Startup to Engineer Red Blood Cells for Drug Delivery

Yesterday an 18-month-old research group called Rubius was officially launched with the mission to genetically engineer red blood cells for drug delivery and is targeting a number of diseases and conditions.

Rubius has as its first target the condition phenylkatonuria (PKU), a genetic disorder that prevents those with the disease from digesting the amino acid phenylalanine, which is found in most high-protein foods. The disorder can lead to severe problems and long-term health issues, including brain damage. Currently, the only treatment is a highly restrictive diet. The US sees about 300 new cases a year, and newborns are routinely tested for the disorder. Rubius's new treatment has been pre-clinically validated and is capable of enzymatically reducing phenylalanine levels in the human bloodstream.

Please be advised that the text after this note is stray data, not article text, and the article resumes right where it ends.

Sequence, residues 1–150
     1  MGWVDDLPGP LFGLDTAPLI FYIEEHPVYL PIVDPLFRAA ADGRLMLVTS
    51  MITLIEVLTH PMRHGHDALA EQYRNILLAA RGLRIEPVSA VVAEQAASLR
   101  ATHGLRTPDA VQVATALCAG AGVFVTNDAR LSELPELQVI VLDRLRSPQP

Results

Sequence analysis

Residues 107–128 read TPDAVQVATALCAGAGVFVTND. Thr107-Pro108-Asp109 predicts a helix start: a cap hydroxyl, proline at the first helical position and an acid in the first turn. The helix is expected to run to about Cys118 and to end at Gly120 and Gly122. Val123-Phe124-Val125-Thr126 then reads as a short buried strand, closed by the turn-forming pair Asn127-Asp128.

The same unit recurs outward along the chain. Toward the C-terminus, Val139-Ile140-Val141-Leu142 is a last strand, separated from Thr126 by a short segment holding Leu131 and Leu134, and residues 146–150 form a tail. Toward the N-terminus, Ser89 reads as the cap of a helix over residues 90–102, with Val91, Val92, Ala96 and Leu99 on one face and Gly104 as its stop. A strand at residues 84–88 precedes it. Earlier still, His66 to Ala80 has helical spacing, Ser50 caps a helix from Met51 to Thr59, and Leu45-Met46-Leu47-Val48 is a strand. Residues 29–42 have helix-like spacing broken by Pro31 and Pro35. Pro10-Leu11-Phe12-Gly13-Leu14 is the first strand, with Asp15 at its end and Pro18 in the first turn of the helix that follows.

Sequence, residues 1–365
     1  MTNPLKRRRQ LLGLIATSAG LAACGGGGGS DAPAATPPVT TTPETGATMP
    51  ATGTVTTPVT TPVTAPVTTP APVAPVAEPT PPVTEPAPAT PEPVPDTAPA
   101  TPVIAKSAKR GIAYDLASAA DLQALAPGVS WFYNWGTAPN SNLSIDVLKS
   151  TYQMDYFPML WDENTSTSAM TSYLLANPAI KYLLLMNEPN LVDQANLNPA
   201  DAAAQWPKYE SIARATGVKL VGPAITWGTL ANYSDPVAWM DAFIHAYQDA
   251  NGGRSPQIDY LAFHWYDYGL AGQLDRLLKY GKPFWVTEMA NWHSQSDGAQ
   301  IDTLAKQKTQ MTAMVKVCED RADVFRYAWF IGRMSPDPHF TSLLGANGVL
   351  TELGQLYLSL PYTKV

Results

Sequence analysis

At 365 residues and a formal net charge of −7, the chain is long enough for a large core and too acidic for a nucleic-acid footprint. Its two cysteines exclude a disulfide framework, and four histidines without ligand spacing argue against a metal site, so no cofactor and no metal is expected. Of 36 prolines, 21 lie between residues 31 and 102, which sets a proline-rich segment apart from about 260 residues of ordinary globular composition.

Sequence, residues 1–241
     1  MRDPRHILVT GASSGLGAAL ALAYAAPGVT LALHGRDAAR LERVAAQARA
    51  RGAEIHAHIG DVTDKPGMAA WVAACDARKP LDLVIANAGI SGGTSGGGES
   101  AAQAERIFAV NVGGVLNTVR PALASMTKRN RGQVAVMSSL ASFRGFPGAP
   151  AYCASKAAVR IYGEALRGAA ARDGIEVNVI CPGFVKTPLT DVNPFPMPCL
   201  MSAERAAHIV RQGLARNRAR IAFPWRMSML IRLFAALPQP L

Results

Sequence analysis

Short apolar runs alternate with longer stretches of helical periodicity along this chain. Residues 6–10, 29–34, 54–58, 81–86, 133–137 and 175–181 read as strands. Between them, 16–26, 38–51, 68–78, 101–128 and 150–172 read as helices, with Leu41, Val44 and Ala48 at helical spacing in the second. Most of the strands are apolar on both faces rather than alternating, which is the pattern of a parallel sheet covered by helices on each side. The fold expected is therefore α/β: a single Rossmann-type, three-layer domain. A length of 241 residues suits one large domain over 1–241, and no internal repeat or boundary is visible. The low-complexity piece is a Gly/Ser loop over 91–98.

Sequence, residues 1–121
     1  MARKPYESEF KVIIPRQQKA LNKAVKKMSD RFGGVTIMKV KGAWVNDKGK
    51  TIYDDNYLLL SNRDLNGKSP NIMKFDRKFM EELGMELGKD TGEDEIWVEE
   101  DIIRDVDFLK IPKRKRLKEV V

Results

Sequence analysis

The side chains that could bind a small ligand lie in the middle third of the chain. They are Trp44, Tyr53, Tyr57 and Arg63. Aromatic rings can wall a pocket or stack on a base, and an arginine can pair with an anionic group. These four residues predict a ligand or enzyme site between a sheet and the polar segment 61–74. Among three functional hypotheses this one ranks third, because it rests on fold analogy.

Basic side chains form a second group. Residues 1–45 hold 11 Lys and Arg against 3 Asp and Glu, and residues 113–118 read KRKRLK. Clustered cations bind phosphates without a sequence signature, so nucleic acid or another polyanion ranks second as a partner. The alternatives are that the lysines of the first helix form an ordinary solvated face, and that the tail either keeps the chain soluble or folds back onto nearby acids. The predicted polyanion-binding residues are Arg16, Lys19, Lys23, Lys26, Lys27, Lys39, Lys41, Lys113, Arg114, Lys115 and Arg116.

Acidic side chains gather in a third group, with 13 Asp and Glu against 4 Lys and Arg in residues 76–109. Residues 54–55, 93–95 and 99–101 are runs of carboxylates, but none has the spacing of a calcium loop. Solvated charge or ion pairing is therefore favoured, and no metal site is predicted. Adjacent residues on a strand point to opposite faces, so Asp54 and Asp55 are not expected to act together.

The group claims to have developed more than 50 different therapies based on red blood cells, and predicts that the approach could lead to therapies for a wide range of conditions such as hematologic and autoimmune disorders, as well as infection diseases and cancer. 

You can learn more about this new company and its work in its launch press release and in a report that appeared yesterday in Technology Review.